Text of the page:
|Stadium would boost fortunes of business district
Monday October 16, 2006
New Zealand will host a great Rugby World Cup in 2011. Peter Jackson's Lord of the Rings trilogy saw magnificent temporary sets created all over the country and showcased New Zealand scenery worldwide.
The events in 2011 offer an opportunity to do something similar, but the focus will also be on our cities. Sets should be permanent, and should leave infrastructure that helps to shape our cities and will be used for generations to come.
The "$320 million-plus legacy option" at Eden Park is a compromised solution for Auckland and the country. Its location is primarily residential - the area has been previously designated an "area of stability" by Auckland City, not growth.
The economic returns on the park are sub-optimal and it is also a lot to pay for an additional 12,500 seats.
The design leaves a significant number of seats uncovered and no retractable roof is incorporated.
Serious issues are arising regarding consentability. Because of the presence of cricket, even the design for rugby is compromised, and the park is not as multifunctional as other international stadiums.
While we concur with some of the comments made by Barry Rae on this page we disagree with his conclusions. Building a stadium in Auckland's Central Business District need not compromise waterfront and urban design principles.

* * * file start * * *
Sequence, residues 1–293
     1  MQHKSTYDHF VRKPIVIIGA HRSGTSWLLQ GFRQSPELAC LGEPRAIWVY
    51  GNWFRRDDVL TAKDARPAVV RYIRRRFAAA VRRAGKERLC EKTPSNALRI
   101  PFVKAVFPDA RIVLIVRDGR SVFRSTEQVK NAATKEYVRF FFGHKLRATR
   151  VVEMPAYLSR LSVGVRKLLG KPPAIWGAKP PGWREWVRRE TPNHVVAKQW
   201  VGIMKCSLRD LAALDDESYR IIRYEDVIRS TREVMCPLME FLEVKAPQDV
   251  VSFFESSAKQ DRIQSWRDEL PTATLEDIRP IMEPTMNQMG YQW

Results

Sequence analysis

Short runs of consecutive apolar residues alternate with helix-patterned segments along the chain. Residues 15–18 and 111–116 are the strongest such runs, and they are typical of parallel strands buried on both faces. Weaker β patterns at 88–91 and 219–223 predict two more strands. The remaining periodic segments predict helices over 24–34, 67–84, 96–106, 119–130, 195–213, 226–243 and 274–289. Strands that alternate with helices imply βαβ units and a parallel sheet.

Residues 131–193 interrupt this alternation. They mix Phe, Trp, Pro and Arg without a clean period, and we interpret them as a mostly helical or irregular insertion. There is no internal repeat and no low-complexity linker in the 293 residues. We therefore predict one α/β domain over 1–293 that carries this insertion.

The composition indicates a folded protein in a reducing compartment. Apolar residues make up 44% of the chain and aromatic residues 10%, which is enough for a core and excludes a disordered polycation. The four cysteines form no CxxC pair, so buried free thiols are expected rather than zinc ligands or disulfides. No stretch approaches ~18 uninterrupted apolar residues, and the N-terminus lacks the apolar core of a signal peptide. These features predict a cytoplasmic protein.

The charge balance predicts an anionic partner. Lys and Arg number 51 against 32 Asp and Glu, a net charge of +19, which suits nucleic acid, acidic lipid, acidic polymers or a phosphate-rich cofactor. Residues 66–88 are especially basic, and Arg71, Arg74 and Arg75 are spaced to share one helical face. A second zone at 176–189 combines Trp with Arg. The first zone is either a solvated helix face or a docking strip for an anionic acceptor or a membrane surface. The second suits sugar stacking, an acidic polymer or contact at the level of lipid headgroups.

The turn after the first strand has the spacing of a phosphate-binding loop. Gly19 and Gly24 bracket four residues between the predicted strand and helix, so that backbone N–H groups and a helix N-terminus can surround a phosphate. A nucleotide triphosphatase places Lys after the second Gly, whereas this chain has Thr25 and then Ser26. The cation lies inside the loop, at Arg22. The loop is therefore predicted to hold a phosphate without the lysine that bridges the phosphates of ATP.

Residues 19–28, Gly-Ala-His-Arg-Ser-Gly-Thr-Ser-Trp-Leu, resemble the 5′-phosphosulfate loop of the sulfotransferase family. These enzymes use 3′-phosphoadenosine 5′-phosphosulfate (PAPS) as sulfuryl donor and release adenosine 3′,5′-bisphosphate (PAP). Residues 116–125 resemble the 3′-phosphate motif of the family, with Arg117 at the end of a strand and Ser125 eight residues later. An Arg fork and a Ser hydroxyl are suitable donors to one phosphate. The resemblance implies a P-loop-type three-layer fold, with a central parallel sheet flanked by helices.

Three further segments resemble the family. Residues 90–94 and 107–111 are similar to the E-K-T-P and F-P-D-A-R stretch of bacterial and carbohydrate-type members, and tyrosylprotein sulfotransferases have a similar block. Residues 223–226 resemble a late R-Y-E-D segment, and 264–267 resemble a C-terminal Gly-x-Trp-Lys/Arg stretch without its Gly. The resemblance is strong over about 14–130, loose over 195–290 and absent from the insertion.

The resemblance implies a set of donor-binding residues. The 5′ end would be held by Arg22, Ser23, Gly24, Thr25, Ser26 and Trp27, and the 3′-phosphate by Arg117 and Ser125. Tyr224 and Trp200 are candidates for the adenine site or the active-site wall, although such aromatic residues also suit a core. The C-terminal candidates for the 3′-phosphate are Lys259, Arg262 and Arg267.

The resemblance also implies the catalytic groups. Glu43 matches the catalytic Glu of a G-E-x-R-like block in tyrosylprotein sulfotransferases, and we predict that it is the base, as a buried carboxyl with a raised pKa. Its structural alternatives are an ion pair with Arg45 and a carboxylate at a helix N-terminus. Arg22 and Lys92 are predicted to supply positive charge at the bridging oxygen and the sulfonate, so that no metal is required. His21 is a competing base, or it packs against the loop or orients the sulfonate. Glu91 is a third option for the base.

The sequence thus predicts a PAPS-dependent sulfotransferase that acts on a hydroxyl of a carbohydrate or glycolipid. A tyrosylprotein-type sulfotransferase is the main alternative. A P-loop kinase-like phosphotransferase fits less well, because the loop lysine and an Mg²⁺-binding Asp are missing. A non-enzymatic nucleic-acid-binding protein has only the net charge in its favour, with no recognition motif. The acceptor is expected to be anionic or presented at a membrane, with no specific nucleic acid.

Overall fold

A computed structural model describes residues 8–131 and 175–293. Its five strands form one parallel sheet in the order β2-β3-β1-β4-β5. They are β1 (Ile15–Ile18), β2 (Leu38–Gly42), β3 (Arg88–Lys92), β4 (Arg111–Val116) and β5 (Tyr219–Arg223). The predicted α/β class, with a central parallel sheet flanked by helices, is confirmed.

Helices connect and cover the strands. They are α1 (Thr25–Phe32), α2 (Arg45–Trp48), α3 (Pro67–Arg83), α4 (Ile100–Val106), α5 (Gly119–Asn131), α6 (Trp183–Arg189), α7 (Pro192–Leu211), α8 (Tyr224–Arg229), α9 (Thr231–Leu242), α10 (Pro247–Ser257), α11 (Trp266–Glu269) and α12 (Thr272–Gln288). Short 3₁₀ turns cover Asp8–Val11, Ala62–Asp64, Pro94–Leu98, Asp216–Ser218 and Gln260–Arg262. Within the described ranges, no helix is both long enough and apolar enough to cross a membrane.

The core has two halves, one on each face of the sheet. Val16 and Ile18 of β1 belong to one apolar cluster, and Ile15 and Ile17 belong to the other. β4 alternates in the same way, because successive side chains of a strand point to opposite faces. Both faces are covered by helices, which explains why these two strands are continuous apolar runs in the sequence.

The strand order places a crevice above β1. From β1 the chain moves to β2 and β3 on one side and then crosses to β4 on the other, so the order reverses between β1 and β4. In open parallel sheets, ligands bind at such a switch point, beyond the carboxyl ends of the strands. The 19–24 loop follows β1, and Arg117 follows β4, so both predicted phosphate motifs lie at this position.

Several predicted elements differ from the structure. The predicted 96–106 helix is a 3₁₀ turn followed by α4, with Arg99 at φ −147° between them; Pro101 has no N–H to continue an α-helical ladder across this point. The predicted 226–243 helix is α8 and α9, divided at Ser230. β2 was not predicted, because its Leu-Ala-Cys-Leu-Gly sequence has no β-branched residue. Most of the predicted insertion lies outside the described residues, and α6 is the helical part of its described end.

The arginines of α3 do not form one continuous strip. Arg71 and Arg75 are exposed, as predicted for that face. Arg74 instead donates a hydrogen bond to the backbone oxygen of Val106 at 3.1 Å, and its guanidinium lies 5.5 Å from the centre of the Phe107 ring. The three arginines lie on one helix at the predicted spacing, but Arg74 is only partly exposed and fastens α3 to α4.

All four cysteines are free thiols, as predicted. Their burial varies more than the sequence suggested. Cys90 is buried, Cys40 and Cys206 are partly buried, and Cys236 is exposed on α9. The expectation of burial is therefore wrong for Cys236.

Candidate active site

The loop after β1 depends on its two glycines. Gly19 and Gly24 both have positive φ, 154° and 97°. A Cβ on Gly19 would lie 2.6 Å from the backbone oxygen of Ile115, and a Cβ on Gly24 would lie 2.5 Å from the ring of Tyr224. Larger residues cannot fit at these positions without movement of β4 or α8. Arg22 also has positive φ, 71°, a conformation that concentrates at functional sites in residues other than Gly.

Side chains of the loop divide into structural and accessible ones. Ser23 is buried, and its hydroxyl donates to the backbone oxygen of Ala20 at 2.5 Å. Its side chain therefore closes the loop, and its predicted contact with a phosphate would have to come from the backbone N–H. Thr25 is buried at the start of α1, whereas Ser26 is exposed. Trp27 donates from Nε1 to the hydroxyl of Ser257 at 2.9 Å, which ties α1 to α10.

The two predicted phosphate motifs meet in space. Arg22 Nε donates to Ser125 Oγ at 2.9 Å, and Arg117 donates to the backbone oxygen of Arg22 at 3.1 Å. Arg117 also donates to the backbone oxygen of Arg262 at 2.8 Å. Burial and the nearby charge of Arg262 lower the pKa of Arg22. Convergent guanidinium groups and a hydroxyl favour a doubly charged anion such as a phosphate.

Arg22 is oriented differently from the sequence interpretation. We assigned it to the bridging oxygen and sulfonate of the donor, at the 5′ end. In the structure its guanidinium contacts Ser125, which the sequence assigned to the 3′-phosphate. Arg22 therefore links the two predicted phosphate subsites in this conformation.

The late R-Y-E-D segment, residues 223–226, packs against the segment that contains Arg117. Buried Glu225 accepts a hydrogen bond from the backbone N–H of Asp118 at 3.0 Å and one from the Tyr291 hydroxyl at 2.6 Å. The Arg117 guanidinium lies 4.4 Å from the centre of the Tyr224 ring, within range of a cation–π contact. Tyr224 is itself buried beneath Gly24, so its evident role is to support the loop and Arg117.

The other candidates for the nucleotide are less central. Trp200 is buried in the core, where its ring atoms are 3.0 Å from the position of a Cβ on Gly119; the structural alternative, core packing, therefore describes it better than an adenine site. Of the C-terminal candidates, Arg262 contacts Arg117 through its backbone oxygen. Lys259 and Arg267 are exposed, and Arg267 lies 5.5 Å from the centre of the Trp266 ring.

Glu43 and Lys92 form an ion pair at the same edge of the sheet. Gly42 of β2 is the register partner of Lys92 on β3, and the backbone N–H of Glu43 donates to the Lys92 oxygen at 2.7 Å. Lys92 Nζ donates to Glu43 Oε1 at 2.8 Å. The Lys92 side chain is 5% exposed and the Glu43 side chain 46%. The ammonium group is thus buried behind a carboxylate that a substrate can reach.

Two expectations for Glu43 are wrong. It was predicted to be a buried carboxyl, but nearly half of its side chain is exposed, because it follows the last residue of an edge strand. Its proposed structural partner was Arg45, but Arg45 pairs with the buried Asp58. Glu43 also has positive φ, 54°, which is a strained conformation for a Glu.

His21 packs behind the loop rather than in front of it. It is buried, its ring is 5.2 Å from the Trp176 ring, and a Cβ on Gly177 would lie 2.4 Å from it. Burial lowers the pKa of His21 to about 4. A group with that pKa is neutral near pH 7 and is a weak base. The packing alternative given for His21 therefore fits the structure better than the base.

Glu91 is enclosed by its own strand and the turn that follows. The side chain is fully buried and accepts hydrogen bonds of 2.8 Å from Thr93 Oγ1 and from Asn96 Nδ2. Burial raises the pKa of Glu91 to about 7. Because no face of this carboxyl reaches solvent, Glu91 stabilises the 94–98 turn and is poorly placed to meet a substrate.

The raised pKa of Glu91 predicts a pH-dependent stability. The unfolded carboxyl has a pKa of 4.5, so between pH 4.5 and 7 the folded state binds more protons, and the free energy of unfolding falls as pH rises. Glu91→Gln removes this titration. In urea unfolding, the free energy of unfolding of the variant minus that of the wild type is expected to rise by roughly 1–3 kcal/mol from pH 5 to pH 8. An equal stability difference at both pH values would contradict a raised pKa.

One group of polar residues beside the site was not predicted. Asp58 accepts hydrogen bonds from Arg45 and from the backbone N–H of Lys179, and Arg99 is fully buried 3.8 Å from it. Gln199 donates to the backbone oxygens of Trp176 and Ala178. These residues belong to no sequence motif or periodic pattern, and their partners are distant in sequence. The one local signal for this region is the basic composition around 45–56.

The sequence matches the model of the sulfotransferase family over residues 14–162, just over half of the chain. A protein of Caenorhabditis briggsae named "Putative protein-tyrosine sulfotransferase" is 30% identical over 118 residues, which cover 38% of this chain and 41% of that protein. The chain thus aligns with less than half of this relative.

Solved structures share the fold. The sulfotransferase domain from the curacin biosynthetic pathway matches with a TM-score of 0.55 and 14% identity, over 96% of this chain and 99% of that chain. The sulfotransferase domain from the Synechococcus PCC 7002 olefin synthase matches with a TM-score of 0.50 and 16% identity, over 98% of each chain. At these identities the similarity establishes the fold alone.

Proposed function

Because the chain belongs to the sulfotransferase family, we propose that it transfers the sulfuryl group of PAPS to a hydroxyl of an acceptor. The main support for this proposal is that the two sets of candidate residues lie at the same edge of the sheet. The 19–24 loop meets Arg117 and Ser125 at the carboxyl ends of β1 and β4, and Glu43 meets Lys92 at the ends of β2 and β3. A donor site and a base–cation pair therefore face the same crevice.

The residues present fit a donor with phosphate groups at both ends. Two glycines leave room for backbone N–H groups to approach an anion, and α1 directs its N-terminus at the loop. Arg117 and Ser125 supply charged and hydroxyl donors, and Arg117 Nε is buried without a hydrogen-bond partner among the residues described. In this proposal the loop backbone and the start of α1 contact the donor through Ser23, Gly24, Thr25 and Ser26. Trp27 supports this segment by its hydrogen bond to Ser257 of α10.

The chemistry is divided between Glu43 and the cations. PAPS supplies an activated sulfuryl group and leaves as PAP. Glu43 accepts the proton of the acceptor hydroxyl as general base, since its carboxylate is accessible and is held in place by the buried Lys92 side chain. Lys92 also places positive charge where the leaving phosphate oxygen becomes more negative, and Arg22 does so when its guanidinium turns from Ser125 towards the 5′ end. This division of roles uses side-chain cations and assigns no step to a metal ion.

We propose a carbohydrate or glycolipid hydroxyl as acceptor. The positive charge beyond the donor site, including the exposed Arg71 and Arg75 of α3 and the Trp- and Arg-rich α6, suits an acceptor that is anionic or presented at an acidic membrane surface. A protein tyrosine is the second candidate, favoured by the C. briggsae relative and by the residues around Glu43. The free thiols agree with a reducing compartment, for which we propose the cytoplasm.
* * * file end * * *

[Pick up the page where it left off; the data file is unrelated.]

In fact, in Auckland's case, the Rugby World Cup might just be the fillip for growing the CBD economy, establishing new city infrastructure and services, and reshaping a better waterfront.
Auckland competes for New Zealand against other international cities. Capitalising on the natural and man-made assets of the CBD is a crucial part of growing Auckland's economy.
What is core to building a strong and vibrant CBD economy is having a high population of CBD residents, workers and visitors.
International and domestic visitors, are a catalyst for vibrancy, and will only come if the CBD is easily accessible, has great retail, entertainment and tourism infrastructure, and hosts great events.
Successful urban waterfront development will require managing growing competition between trade and tourism, while at the same time building good links between the urban fabric of downtown Auckland and the water.
Protecting and selectively growing our traditional seaport economy, including cruise and ferry operations, seafood harvesting and processing, the marine services industry and cargo logistics makes economic sense and contributes to the vitality of the waterfront.
Heart of the City has supported plans to foster a fishing village theme, develop a marine events centre, and retain the marine industry at the western end of the CBD.